Output Control

PHP offers a great deal of flexibility as to how you want to output your content. In general use, PHP is embedded inside HTML in code islands started with <?php and ended with ?>.

You can reverse this by writing your whole script as one big PHP code island and printing HTML as necessary. Going back to the example shown previously, we can make our PHP code look almost identical to the Perl code by printing the HTML from inside our PHP code:

    print "<html>\n";
    print "<body>\n";
    print "<p>Welcome, $Name</P>\n";
    print "</body>\n";
    print "</html>\n";

"Print" is a simple function that outputs a chunk of text, enclosed in quotation marks, to the client. "\n" means "start new line in the source code", and it serves to lay the source code out nicely. For the longest time, a debate raged on messageboards and mailing lists as to whether it was faster to drop out of "PHP mode" to output large amounts of HTML, or whether it was just as fast to stay in PHP mode. The truth is that it is horses for courses - you will find little or no speed difference either way.

PHP purists like to point out that print is technically not a function, and, technically, they are correct. This is why print doesn't require brackets around the data you pass to it. Other language constructs that masquerade as functions (and are referred to as functions herein for the sake of sanity) include echo, include, require, and exit.

PHP also has great output buffering features that further increase your control over the flow of output. An output buffer can be thought of as a storage hole where you can queue up content for outputting. Once you start a buffer, any output you create is automatically put into that buffer, and is not seen unless the buffer is closed and flushed - that is, sent to your visitor.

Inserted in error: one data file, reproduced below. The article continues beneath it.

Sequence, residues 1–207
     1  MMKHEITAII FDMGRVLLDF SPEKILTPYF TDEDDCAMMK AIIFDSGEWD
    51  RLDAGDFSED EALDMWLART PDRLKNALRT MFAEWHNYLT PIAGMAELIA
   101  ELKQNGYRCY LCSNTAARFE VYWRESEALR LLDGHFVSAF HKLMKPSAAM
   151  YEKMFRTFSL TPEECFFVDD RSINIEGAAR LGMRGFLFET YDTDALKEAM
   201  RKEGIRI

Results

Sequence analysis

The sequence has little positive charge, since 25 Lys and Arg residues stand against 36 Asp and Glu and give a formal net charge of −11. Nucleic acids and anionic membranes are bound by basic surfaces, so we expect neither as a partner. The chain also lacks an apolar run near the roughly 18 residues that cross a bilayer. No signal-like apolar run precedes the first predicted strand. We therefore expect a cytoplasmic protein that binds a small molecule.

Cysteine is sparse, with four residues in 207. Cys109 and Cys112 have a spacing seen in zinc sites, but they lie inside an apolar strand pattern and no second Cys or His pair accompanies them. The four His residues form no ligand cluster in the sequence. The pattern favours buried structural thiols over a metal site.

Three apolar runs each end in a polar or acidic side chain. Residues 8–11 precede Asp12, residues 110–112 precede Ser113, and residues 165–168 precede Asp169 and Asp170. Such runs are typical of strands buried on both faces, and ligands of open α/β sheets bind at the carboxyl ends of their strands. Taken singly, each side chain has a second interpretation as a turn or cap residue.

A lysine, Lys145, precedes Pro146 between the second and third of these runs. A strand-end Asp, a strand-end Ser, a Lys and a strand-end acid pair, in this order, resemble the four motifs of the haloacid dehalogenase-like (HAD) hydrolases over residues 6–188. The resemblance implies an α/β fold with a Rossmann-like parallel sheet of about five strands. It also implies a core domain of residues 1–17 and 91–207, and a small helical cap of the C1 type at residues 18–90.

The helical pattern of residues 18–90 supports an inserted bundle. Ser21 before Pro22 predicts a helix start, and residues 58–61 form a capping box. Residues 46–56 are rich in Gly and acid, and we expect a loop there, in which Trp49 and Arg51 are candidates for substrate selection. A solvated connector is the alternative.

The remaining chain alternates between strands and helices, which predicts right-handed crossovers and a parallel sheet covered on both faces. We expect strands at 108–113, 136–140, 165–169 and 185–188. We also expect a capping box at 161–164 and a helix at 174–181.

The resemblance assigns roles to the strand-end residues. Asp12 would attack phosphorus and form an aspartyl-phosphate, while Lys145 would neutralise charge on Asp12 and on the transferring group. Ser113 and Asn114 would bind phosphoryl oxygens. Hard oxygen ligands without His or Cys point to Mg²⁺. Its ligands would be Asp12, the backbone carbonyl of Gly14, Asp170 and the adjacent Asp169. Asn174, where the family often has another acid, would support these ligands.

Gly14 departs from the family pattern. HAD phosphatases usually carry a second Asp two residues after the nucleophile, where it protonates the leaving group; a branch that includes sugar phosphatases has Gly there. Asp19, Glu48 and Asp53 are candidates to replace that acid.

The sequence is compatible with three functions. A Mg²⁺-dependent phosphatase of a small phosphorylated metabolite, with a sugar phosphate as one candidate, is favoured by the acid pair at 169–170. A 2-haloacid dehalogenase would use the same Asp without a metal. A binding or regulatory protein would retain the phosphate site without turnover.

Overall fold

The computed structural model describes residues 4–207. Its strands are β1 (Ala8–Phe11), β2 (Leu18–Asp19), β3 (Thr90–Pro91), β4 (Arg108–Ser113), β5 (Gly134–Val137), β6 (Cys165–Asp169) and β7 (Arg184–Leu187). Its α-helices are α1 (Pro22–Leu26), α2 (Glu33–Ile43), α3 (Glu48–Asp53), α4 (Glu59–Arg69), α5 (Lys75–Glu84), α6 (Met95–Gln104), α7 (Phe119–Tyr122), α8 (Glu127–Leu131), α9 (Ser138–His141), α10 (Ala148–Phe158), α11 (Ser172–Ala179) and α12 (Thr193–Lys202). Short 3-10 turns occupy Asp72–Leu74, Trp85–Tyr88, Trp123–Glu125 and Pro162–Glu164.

The advantage to this output queuing is two-fold. First, it allows you to clean the buffer if you decide not to output the current output queue in the buffer. When a buffer is cleaned, all the output stored in there is deleted as if it were never there, and output for that buffer is started from scratch.

Secondly, output buffering allows you to break the traditional ordering of web pages - that of headers first and content later. Owing to the fact that you queue up all your output, you can send content first, then headers, then more content, then finally flush the buffer. PHP internally rearranges the buffer so that headers come before content.

Output buffering is covered in much more depth later.


Want to learn PHP 7?

Hacking with PHP has been fully updated for PHP 7, and is now available as a downloadable PDF. Get over 1200 pages of hands-on PHP learning today!

If this was helpful, please take a moment to tell others about Hacking with PHP by tweeting about it!

Next chapter: Performance >>

Previous chapter: Interpreting vs. Compiling

Jump to:


Home: Table of Contents

Copyright ©2015 Paul Hudson. Follow me: @twostraws.